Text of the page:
Re: Are these all really true ? (Bill Leonard)
Mon, 25 Sep 1995 20:24:28 GMT

          From comp.compilers

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Newsgroups: comp.compilers
From: (Bill Leonard)
Keywords: OOP, performance
Organization: Harris Computer Systems, Ft. Lauderdale FL
References: 95-09-076 95-09-110
Date: Mon, 25 Sep 1995 20:24:28 GMT (Steve_Kilbane) writes:
> (Gabriela de Vivo (UCV).) writes:
> > * Strongly type language result in better programs.
> I'd say so, but programmers are a weird bunch. We get annoyed at
> our strongly-typed languages for getting in the way, and get
> annoyed at our weakly-typed languages for not spotting our errors.

What a succinct observation! Wish I'd said that.

> > * Performance is a language problem.

I'm not sure I know that this statement means. Does it mean that
performance is due to an inappropriate choice of language? If so, then I'd
say that's hardly ever true. Performance problems are usually a problem of
inappropriate choice of algorithm. The next most likely cause, in my
experience, is just too much work and not enough horsepower.

Alternatively, perhaps this statement means that performance problems are
due to bad implementation of the language. Again, I wouldn't agree with
that one either.

> > * Memory is free, speed is what is worth optimizing.

It is true that there are some choices one can make in
which you can trade "a little" memory for a lot of speed, and that's
generally a good choice. Unfortunately, most applications today treat
memory as being much cheaper than it really is.

> After all, if you're running on a multi-user system, and you use just too
> much memory, your process will spent most of its time in page faults.


> > * Multi-threading is better than single threading.
> Again, depends on the application. Generally touted as excellent
> for, say, GUIs and servers, but doesn't make a lot of difference
> to the average compiler.

Hmm, actually there are a lot of algorithms in most compiler optimizers
that could benefit from parallel processing.

Besides, whether multi-threading is better depends on whether there are
additional CPU resources available. Multi-threading isn't worth very much
if you're still compute-bound and all those threads still have to run on a
single CPU.

So, if you have a compute-bound application but you also have multiple CPUs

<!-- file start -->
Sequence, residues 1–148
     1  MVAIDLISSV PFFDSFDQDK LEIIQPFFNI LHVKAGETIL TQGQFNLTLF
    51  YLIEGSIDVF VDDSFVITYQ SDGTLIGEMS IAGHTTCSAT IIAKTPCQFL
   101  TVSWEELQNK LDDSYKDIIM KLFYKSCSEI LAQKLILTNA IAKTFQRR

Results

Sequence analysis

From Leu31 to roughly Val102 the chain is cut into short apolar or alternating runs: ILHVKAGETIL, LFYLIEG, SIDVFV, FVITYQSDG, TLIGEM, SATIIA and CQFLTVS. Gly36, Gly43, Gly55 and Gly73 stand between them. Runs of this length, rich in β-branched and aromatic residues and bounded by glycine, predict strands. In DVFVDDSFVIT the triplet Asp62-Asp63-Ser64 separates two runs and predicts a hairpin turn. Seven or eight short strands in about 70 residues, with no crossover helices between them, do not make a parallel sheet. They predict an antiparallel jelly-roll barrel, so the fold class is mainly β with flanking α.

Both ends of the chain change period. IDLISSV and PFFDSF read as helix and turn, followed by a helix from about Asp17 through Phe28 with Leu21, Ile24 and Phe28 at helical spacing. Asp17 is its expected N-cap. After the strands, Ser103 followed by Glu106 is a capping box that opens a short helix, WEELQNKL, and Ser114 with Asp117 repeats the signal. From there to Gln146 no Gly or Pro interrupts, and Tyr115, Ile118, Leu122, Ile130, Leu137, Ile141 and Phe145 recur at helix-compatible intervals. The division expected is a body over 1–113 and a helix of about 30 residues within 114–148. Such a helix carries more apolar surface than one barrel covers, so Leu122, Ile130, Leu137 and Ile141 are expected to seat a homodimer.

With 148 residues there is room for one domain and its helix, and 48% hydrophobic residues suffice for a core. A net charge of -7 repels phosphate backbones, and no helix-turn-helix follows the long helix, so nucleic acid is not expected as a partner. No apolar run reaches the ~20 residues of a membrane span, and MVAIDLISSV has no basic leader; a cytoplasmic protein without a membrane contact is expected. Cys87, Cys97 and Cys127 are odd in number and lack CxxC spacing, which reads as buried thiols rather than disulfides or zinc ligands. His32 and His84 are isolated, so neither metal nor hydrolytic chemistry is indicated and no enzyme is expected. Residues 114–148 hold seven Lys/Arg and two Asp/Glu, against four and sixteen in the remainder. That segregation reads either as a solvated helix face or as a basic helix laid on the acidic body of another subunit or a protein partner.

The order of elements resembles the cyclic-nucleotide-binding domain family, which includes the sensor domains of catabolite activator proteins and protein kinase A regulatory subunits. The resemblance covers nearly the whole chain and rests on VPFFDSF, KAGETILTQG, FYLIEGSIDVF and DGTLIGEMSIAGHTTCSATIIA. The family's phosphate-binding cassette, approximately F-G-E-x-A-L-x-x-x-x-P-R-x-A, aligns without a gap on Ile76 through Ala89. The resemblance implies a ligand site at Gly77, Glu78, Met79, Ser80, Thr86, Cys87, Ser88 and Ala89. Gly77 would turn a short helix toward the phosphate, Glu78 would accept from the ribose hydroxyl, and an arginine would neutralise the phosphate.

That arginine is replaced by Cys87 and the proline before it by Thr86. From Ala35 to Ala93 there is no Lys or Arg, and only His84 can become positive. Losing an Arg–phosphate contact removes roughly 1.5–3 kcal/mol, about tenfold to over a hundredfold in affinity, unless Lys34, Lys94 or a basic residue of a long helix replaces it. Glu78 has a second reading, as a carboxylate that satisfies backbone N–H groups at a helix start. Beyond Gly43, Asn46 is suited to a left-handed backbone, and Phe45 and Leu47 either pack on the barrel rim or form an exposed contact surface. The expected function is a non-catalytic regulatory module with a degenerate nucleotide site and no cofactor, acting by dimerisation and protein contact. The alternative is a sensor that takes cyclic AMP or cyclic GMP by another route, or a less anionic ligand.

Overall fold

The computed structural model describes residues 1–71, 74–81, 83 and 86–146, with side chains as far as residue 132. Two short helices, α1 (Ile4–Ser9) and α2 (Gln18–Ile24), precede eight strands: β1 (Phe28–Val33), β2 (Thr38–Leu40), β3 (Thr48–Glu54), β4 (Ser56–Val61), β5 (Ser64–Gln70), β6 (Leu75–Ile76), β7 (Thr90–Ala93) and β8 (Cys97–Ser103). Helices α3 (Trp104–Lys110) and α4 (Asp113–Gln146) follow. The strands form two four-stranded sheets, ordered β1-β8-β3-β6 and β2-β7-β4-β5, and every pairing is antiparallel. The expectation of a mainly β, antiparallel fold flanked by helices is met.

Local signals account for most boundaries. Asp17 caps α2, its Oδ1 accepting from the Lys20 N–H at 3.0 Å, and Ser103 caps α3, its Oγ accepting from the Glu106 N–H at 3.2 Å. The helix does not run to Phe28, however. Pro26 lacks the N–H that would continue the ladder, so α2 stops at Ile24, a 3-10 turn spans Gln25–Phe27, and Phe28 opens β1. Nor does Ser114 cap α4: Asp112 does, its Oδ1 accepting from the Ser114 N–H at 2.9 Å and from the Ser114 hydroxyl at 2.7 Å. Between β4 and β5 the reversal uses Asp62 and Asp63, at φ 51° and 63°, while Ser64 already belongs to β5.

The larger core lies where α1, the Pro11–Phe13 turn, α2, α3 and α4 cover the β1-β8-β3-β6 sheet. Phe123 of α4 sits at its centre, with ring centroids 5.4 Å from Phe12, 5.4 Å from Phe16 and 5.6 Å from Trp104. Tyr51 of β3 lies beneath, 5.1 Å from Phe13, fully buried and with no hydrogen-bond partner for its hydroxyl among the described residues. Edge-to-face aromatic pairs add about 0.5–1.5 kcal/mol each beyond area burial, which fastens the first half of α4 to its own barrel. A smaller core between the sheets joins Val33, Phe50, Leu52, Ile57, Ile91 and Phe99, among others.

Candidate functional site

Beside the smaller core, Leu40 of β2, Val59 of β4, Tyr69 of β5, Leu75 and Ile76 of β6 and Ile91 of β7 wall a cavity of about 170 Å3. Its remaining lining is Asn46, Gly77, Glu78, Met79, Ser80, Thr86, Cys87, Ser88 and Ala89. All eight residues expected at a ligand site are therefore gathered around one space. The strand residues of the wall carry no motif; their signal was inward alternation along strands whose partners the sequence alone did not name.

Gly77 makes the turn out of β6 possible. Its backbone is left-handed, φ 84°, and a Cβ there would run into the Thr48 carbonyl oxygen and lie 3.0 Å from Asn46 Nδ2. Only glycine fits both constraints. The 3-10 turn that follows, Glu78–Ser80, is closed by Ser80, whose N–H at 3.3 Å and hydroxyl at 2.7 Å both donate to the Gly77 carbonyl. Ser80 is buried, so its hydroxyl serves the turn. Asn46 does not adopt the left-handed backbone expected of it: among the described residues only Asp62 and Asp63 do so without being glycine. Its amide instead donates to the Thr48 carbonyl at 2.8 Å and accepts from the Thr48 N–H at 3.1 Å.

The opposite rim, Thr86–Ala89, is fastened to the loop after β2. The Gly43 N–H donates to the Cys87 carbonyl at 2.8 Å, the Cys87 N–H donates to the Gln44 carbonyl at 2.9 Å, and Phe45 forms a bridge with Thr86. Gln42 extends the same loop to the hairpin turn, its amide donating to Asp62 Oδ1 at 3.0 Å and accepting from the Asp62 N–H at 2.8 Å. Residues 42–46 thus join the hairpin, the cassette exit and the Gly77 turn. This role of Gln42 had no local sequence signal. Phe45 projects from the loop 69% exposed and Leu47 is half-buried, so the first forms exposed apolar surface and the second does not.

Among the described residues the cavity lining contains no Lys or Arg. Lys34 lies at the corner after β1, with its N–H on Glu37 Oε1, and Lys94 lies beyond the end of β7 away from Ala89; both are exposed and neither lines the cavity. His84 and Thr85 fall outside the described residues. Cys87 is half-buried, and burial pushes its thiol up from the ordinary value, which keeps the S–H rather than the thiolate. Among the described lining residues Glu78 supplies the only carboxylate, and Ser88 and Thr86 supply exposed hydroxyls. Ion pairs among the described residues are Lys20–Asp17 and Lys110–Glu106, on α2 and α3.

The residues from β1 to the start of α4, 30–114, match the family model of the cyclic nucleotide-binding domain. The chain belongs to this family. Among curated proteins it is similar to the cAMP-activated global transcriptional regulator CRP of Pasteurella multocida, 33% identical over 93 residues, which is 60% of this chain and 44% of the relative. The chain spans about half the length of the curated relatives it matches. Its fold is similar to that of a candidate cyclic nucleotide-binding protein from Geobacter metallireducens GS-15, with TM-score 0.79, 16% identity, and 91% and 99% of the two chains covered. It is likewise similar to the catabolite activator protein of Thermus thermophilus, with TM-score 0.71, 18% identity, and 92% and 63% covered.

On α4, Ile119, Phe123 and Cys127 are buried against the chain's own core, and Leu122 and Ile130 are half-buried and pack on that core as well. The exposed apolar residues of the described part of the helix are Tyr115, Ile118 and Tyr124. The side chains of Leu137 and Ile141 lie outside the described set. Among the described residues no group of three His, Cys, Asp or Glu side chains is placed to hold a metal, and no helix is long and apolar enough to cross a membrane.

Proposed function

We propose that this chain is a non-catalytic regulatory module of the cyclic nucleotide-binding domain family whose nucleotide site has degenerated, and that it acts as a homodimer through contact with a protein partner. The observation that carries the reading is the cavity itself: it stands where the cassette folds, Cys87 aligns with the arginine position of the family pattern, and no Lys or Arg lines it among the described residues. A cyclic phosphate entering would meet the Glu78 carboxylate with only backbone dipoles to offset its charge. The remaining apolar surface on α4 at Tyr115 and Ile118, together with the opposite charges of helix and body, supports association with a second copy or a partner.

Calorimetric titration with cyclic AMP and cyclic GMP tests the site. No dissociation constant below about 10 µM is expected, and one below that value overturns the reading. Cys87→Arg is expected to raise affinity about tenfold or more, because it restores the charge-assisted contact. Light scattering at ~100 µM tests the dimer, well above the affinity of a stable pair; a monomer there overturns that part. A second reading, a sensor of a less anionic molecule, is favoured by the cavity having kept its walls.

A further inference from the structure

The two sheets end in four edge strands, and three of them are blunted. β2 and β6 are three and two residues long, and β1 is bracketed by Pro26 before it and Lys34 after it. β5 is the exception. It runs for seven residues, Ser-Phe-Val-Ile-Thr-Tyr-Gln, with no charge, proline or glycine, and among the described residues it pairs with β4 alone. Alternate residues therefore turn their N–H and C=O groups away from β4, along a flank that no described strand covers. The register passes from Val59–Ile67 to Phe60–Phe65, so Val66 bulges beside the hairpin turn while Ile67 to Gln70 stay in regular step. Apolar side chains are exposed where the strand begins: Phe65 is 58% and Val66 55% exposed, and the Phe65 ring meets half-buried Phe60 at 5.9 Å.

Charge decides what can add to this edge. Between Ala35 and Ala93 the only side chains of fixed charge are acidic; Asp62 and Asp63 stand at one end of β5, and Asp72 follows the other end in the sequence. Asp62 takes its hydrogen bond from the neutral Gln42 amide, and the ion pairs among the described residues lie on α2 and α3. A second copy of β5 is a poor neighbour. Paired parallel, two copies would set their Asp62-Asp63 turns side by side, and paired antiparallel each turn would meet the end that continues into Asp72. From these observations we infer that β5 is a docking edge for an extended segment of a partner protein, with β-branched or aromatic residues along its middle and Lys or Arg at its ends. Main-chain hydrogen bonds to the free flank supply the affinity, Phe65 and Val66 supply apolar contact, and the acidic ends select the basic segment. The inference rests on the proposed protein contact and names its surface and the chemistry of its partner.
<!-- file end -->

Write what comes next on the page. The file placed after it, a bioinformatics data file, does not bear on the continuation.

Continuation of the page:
available, multi-threading is still likely to be a win.

> > * Specification and design can be performed with no knowledge of implementation.

I'd disagree. With that approach one can easily specify (and design)
features that either cannot be implemented or that cost far too much to
implement for what they are worth.

> > * Programming, testing, packaging are easy, design is hard.

Testing, if you intend to do a thorough job, is an order of magnitude (at
least) harder than programming. I'd put it basically on a par with design.

> > * Formal specifications yield correct programs.

I think there is far too little data on which to base a conclusion. I
believe that, as the application gets larger and more complex, a formal
specification becomes large and complex also, and therefore harder to
understand and more susceptible to errors. Even if you get such a
specification correct, how good are the chances that the program will
follow it?

> > * Industry runs on wrong hardware and software platforms.
> Depends on your definition of "wrong". Generally, the hardware's
> here, and no, you can't have budget for anything new, so you'd
> better use it (actually, isn't this the same for almost everyone?).

I agree. Also, "industry" usually runs hardware and software that are
several years old and at least borderline obsolete, because the hardware
and software for a major project are chosen years before the project gets
to the field.

Bill Leonard
Harris Computer Systems Corporation
2101 W. Cypress Creek Road
Fort Lauderdale, FL 33309

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